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Ambulance Service sets new record for calls

By Greg Bird

McCreary County ambulances traveled nearly a quarter of a million miles in 2019 – just one of the impressive end-of-year numbers released by EMS Director Jimmy Barnett last week.
According to Barnett, EMS crews responded to 4,565 calls over the course of the year; including 278 accidents, 2,290 medical calls, 436 cardiac, 48 strokes and 14 obstetric calls – which also resulted in paramedics delivering two babies inside ambulances.
Of all the calls, only 205 were canceled or resulted in no patients being transported.
Those numbers represent an increase of about 35 total runs over the previous year, making 2019 the most ever done by the department.
“It seems every year is a new record,” Barnett said.
The total includes 632 non-emergency transfers – just over 12 a week for the department. Those runs, where crews transport a patient between their home and a treatment center, or from one hospital to another in non-emergency situations, have been the bread and butter for the department to earn additional revenue, not only for the Ambulance Service, but for the County as well. The department has a contract with Lake Cumberland Regional Hospital that provides the bulk of the transports, mainly between LCRH and Lexington, which brings revenue from outside of the county for the department, helping sustain the decision to add a dedicated non-emergency transfer unit to the service.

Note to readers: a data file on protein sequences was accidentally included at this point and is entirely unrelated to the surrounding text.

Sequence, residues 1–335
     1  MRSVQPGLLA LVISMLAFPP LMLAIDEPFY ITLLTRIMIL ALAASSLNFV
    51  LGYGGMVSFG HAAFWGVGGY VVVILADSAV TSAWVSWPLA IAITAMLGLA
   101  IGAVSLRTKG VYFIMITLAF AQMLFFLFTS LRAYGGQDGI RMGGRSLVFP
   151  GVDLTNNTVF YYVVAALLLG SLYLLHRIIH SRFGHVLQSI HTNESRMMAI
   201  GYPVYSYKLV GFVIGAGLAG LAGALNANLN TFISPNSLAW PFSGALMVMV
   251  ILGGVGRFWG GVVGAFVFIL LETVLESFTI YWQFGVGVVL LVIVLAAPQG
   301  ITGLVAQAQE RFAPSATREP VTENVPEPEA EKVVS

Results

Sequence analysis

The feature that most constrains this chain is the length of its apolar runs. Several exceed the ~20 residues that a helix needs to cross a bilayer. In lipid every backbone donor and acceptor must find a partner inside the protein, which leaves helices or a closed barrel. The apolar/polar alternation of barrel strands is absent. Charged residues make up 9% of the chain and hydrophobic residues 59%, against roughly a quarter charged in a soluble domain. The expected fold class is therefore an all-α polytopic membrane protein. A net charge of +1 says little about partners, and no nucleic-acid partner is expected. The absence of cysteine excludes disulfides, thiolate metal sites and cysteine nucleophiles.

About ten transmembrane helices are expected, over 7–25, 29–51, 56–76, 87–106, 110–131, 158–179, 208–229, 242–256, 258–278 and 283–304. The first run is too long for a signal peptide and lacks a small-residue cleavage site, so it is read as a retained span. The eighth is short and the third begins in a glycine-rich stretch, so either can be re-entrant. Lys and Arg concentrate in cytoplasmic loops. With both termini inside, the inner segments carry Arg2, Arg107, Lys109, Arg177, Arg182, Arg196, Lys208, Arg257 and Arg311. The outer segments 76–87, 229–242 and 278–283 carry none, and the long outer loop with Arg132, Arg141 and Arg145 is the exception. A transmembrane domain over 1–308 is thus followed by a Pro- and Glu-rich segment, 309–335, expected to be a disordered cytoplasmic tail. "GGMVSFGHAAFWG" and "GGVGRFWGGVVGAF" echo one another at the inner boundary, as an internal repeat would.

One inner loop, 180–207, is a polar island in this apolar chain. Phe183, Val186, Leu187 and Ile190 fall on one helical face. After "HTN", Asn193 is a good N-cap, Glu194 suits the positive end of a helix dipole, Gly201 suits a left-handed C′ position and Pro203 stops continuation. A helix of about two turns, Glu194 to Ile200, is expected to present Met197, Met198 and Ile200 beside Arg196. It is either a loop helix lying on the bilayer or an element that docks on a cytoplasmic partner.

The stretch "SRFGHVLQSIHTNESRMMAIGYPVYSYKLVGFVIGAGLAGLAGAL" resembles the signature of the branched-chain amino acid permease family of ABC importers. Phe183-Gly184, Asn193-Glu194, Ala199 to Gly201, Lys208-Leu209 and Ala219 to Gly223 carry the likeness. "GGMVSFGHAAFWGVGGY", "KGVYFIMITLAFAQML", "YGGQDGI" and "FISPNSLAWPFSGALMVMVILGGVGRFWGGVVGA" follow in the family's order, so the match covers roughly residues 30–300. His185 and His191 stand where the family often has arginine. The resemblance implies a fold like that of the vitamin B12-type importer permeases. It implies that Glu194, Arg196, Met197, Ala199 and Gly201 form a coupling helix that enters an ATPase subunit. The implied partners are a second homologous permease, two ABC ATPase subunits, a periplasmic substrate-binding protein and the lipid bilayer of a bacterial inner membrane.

Barnett said the department has 52 employees, 23 full-time, who work long hours, but get the job done when called on.
“I can’t say enough about the dedication and professionalism of our staff,” he said. “They log a lot of miles, and respond to a lot of calls. Without them, I don’t know where we’d be.”
All those runs means a lot of miles logged on each of the department’s six ambulances – an average of about 40,000 miles on each unit annually. As such maintenance is an issue, but Barnett has been proactive on that score – setting aside a small portion of revenue each month to a dedicated fund to refurbish at least one unit per year.

Refurbishing essentially overhauls the entire unit, taking the old box and cab and placing it on a new chassis, with a new engine and transmission. Refurbishing is much cheaper than purchasing a new unit outright, and keeps the fleet at the highest standards possible.
“We try to use grant funds as much as possible when refurbishing, as well as purchasing new equipment,” Barnett added. “We try to save the local taxpayer as much as we can possibly can.”

The Ambulance Service has obtained more than $1 million in grants over the past several years.

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